Manor Park Talks
Manor Park Talks is based on Every Child a Talker (ECAT), a course of training for early years staff which helps them to identify and support children with early language development difficulties including through resources and audit tools. The intervention aims to create pedagogical change in the settings through a set of core strategies that practitioners can be trained to deliver, whilst also aiming to achieve impact without significantly increasing practitioner workload.
Based on Every Child a Talker, a course of training for early years staff which helps them to identify and support children with early language development
Studies of communication and language approaches consistently show positive benefits for young children’s learning, including their spoken language skills, their expressive vocabulary and their early reading skills. ECAT is a widely used programme in the early years sector, but there is substantial variation in how it is now implemented and supported.
The ECAT programme has been widely used since its introduction as part of the National Strategies, but has not been rigorously evaluated and there appears to be wide variation in how it is now implemented. As part of this pilot, Sheringham Nursery School partnered with UCL Institute of Education to update the ECAT programme manual and provide a more structured approach to implementation for settings in Newham.
Our pilot of Manor Park Talks involved 8 nursery settings in Newham. The independent evaluation found that the full set of 5 strategies that practitioners were initially introduced to was perceived to be daunting. The formative nature of the evaluation meant that these emerging findings were shared with the developers, and the decision was made that MPT was primarily an intervention about conversational responsiveness and the specific techniques to improve this.
Practitioners reported that the revised version of Manor Park Talks focusing on specific conversational responsiveness techniques was easier to apply than the full set of strategies set out in the initial design. This pilot was funded by EEF to see whether the intervention was ready to be delivered across all nurseries in Newham. The evaluation concluded that the revised intervention could be implemented across all settings in Newham.
Full project descriptionkeyboard_arrow_up keyboard_arrow_down
Manor Park Talks (MPT) is a professional development programme developed and delivered by Sheringham Nursery School and Children’s Centre in the London Borough of Newham. The programme focuses on training aimed at improving the skills and expertise of the early years workforce in supporting children’s early language development. Trained staff are expected to apply their learning to the key target group—disadvantaged children in receipt of Free Early Education Entitlement at age two (FEEE2).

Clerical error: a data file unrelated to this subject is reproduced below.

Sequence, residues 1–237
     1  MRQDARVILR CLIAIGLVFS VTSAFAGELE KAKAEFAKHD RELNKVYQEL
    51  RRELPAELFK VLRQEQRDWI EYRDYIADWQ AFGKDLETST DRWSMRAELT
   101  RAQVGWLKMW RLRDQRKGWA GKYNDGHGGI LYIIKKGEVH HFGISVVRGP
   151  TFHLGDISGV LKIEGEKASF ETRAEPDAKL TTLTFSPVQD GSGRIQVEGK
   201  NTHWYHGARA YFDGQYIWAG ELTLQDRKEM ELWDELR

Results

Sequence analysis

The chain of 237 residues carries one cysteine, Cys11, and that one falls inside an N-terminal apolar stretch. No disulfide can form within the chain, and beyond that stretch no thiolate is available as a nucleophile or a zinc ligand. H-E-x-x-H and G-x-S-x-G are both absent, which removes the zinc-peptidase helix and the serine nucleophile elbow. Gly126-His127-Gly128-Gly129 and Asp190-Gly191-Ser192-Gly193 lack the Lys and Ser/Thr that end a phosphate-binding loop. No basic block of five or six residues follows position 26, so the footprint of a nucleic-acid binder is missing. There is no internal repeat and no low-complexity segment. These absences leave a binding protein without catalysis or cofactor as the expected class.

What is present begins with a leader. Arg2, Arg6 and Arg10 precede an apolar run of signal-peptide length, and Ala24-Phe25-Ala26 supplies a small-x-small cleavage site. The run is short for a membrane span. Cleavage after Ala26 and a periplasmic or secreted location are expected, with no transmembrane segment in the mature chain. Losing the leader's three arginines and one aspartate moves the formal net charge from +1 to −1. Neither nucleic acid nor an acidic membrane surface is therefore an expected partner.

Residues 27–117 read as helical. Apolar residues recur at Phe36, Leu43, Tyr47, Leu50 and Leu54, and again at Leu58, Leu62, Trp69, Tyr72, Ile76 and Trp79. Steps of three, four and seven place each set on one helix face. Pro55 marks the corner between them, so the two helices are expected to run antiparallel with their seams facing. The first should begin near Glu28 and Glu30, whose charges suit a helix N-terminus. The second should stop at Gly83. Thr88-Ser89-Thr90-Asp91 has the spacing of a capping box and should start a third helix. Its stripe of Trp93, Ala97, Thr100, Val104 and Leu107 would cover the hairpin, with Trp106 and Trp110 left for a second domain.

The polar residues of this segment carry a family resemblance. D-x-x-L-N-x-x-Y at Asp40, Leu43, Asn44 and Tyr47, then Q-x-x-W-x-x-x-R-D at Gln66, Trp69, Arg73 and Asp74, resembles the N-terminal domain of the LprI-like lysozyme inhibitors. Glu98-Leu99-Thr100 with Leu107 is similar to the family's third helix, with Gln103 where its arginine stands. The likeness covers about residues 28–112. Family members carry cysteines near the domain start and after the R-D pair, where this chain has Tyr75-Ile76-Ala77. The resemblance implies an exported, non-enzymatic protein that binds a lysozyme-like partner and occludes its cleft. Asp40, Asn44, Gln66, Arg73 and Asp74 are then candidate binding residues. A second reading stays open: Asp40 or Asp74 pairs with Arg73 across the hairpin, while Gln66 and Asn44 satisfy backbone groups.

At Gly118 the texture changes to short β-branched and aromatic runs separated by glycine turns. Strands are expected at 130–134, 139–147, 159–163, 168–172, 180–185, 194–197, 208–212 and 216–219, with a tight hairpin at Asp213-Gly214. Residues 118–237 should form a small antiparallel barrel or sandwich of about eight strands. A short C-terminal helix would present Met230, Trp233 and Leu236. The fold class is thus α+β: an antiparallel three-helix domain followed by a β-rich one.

The MPT pilot programme consisted of training for managers and practitioners to support the implementation of a whole-setting approach to promoting children’s early language development and communication. The full set of training and support activities is listed in Table 1 (page 9 of the evaluation report). The independent training consultants delivered training in two stages: a full-day launch event for all nursery managers and a full-day ‘bespoke’ training session at each participating nursery involving all staff.
During the training, early years staff were taught to listen to children and develop conversations with them using five strategies:
- conversational responsiveness;
- interactive book-reading;
- using songs, rhymes, and stories to support expressive language;
- print referencing to support emergent literacy; and
- listening to sounds.
The aim of the pilot was to understand the feasibility and acceptability of the programme and to develop and refine the logic model of the intervention. A formative evaluation was conducted using qualitative methods: observations of training and coaching sessions and in-depth interviews with managers and staff at participating nurseries. Interviews with the trainers and coach were also conducted. Due to the small number of nurseries taking part and the focus of the formative evaluation on reviewing and refining the intervention, the findings and implications are not generalisable.
This pilot trial was co-funded by the Department for Education as part of the EEF’s Early Years Professional Development Funding round. It was co-funded with the KPMG Foundation.